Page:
Specialist CTV numbers unable to keep up with demands of maturing offshore wind market
Project owners increasingly relying on vessel data to assess CTV “must haves” and design make up of fleets for site conditions
As the offshore wind market matures, project owners are faced with the reality that crew transfer vessel (CTV) operators are finding it increasingly challenging to match demand for vessel designs that perfectly meet the logistical challenges of each site. That is, at least, according to Reygar Ltd., the leading provider of innovative remote monitoring and reporting platforms to the offshore wind industry.
Guaranteeing maximum ‘time-on-turbine’ for technicians involves matching the challenges of servicing each asset site – inclusive of port depth, weather, sea conditions, and routing – to the vessel which performs best in those environments. Chartering a fleet that is well-matched to a specific project ensures that construction stays on track and operational assets are serviced quickly and efficiently – in contrast, the wrong vessel choice can result in reduced turbine access, excess fuel burn or technicians arriving at the site unwell and unfit to work.
However, the recent uptick in permitting and increase in development of projects sited to take advantage of high wind speeds further from shore has resulted in a shortage of the larger vessels most suited to these typically rougher sea conditions. As such, offshore project owners are responding by taking an in-depth look at vessel data to ensure they charter the right balance of CTVs to deliver the safest, most cost- effective service possible from the remaining vessels at their disposal.
Chris Huxley-Reynard, Managing Director of Reygar Ltd and creator of the BareFLEET advanced remote monitoring and reporting platform, said: “There is no one-size-fits- all support vessel for any single project owner, let alone any single geography or market. Every fleet is a reflection of the highly specific requirements of their projects, and so the ratio of vessel types that make up each fleet must be properly balanced or projects will go underserviced. Even so, project owners will not necessarily have access to the “perfect” vessel for their site.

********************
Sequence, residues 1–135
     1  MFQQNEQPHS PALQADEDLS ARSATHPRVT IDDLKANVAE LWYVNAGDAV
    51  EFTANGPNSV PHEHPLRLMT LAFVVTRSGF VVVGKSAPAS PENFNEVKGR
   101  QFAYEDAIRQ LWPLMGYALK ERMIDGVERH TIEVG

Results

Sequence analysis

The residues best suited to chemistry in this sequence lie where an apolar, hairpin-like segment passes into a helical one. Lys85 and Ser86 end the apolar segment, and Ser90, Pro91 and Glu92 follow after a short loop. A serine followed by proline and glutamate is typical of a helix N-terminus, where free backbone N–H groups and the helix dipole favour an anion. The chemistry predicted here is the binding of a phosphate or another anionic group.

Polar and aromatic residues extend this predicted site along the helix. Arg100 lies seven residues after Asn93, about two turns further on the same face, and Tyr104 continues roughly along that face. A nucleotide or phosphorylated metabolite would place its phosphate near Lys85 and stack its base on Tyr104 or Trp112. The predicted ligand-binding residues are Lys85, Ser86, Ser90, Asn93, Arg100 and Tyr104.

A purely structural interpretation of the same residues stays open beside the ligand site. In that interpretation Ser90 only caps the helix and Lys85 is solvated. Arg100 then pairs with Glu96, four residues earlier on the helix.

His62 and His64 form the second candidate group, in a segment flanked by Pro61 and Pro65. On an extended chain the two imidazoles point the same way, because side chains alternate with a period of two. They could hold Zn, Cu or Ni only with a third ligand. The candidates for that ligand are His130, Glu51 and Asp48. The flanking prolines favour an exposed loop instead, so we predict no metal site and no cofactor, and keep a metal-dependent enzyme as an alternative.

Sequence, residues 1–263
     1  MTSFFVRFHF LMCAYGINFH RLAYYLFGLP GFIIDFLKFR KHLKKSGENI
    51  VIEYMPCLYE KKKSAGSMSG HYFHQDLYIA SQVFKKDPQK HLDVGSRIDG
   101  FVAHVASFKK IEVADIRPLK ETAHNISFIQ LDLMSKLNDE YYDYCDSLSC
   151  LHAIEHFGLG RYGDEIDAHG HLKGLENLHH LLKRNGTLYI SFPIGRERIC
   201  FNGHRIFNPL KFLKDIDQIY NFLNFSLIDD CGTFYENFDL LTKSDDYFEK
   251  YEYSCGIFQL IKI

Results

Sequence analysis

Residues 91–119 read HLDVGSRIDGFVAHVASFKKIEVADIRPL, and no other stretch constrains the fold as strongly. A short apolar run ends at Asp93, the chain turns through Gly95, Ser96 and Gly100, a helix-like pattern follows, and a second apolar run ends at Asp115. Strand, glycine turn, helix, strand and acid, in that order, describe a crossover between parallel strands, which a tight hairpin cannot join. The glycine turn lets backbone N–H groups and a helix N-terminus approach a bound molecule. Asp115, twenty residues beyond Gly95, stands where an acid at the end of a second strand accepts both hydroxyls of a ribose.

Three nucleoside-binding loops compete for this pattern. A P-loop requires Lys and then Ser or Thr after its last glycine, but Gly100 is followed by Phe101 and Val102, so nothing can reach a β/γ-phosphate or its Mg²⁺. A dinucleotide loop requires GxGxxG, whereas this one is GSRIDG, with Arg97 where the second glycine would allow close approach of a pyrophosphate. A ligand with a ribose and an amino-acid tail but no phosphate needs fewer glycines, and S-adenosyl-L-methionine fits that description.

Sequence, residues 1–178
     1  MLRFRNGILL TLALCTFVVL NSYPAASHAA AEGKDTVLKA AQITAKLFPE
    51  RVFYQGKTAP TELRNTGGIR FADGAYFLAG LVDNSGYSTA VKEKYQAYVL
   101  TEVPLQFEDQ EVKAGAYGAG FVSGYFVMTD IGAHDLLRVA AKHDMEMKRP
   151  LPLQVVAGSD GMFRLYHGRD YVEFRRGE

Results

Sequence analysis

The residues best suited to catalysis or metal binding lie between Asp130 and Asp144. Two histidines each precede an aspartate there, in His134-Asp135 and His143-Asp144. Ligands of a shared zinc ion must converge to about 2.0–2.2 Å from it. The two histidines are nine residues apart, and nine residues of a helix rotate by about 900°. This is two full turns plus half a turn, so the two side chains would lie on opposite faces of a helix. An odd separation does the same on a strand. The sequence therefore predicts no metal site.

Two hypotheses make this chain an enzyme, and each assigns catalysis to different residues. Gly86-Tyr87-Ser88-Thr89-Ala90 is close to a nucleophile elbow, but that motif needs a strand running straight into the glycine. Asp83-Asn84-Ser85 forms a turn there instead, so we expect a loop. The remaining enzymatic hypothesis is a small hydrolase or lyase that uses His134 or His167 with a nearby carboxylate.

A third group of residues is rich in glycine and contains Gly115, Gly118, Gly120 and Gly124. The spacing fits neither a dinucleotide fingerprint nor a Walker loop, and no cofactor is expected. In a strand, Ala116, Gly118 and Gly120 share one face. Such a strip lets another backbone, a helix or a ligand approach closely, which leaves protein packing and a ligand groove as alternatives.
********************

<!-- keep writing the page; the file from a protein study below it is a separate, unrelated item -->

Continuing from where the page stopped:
“In these instances, in-depth analysis of vessel performance and health data drawn from sensors across the vessel and set in the context of wider environmental sea conditions is crucial to driving vessel selection. Project owners are using this vessel data to understand which of the vessels they have access to perform best across which site conditions, and are designing the make-up of the fleet based on a cost-benefit analysis of these results.”
Likewise, it is impossible to take a one size fits all approach to the data different project owners are basing their chartering decisions on. To be confident that they are making the best decisions for their projects and the technicians working on them, project owners need to be able to query vessel data in unique ways and develop their own metrics and key performance indicators. To reflect this, Reygar is evolving the BareFLEET advanced remote monitoring system to give users the power to do their own analytics, set KPIs, and report back in the way that best reflects their operational challenges and commercial priorities.